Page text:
Drury Lane Theatre – London

Drury Lane Theatre - London
The Theatre Royal, Drury Lane, is the oldest theatre site in London (save the rebuilt Globe), the original theatre having been built in 1663. It has a long history packed with intrigue, romance and murder, and there have been numerous sightings of ghosts.

King Charles II, who gave the theatre its Royal Charter, is said to visit now and again, but the theatre’s most famous ghost is the Man in Grey, so named for his eighteenth-century long grey coat, tricorn hat, powdered wig and sword. He is said to come and watch the play from the balcony, where he slowly walks from one end to the other only to disappear into the wall. He is often seen at rehearsals and his presence is considered very lucky when he appears during rehearsal the play tends to be successful.

Another ghost is thought to be that of twentieth-century comedian Dan Leno. Leno’s ghost has allegedly been spotted in the dressing room he used last before his death.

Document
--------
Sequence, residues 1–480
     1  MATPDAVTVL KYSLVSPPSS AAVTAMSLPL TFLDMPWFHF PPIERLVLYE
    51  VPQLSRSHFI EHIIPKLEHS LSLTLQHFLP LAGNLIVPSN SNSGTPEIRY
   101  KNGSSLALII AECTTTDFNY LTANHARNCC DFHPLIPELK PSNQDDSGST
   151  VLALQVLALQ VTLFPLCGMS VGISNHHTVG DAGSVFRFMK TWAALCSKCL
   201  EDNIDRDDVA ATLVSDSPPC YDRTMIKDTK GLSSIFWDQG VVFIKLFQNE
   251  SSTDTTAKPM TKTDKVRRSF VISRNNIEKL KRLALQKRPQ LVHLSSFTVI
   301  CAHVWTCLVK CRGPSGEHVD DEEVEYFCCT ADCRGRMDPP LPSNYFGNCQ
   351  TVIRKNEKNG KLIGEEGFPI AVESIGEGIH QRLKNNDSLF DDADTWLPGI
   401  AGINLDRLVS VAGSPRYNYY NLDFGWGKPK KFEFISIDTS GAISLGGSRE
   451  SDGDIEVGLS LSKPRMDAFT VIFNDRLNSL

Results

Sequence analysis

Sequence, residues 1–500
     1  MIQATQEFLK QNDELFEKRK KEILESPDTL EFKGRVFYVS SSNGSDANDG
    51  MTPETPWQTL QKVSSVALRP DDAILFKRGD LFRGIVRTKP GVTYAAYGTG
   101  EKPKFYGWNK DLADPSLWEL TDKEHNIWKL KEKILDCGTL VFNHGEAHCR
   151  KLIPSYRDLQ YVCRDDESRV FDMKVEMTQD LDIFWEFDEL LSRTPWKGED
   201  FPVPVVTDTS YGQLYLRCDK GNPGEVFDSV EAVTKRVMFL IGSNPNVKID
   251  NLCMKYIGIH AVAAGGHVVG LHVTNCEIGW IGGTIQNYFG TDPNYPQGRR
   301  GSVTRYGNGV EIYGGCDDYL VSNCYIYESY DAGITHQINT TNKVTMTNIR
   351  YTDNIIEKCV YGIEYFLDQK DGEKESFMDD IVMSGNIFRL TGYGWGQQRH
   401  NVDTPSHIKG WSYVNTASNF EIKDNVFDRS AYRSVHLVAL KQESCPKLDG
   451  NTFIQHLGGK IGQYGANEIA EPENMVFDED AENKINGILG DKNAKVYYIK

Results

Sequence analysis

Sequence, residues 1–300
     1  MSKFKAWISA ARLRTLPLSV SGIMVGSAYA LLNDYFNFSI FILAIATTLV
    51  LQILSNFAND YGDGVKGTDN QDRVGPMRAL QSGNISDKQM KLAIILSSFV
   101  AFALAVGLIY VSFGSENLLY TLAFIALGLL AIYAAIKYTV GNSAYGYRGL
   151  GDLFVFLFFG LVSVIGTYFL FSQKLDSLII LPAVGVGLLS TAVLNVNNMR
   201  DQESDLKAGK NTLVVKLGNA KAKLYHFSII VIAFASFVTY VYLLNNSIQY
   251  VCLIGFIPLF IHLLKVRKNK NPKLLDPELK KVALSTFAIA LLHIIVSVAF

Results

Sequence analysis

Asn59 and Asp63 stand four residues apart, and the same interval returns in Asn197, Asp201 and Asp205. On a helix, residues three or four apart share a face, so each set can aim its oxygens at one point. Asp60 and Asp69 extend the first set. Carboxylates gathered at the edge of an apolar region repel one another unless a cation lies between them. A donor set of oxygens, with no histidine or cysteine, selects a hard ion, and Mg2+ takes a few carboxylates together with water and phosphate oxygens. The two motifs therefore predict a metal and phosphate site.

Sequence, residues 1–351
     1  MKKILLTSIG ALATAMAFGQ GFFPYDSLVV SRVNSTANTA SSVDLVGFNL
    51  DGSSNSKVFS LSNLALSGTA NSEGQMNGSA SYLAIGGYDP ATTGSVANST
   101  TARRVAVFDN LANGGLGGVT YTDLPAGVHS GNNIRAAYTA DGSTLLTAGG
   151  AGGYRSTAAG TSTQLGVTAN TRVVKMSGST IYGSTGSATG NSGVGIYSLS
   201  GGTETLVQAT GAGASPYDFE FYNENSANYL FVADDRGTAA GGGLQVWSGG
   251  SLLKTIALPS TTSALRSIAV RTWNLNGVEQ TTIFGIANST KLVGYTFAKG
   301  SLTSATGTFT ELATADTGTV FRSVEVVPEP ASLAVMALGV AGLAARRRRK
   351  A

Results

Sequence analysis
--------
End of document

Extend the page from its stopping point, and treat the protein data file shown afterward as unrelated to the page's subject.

SEE ALSO:

SOURCE:

The Element Encyclopedia of Ghosts and Hauntings: The Complete A–Z for the Entire Magical World: The Ultimate A-Z of Spirits, Mysteries and the Paranormal by Theresa Cheung

The Theatre Royal is the haunt of what is probably Britain’s most famous ‘theatre ghost’, the Man in Grey, who can be seen sitting in a particular seat in the upper circle (always at a matinée); he then rises and walks calmly along the gangway behind the seats until he melts into the wall at a certain spot, and disappears. He wears old-fashioned clothing: powdered hair (or a wig), a grey riding-cloak, boots, and a three-cornered hat. Legend claims that he was a wealthy young man of the early eighteenth century who was having an affair with one of the actresses, whom he used to meet in the upper circle after the performances ended – until the day that a rival stabbed him there, as he waited for her. The murderer then hid the body in the recess of a nearby passage, which he walled up. This tale was prompted by the discovery of a skeleton with a dagger in its ribs, found bricked up in the thickness of a wall abutting on the upper circle when the theatre was undergoing alterations in 1848.

The Man in Grey is regarded by theatre folk as a good omen, whose apparition guarantees that the play then in rehearsal or production will be successful. There are numerous accounts of actors and theatre staff who have seen him.

SEE ALSO:

SOURCE:

Haunted England : The Penguin Book of Ghosts – Written by Jennifer Westwood and Jacqueline Simpson -Copyright © Jennifer Westwood and Jacqueline Simpson 2005, 2008

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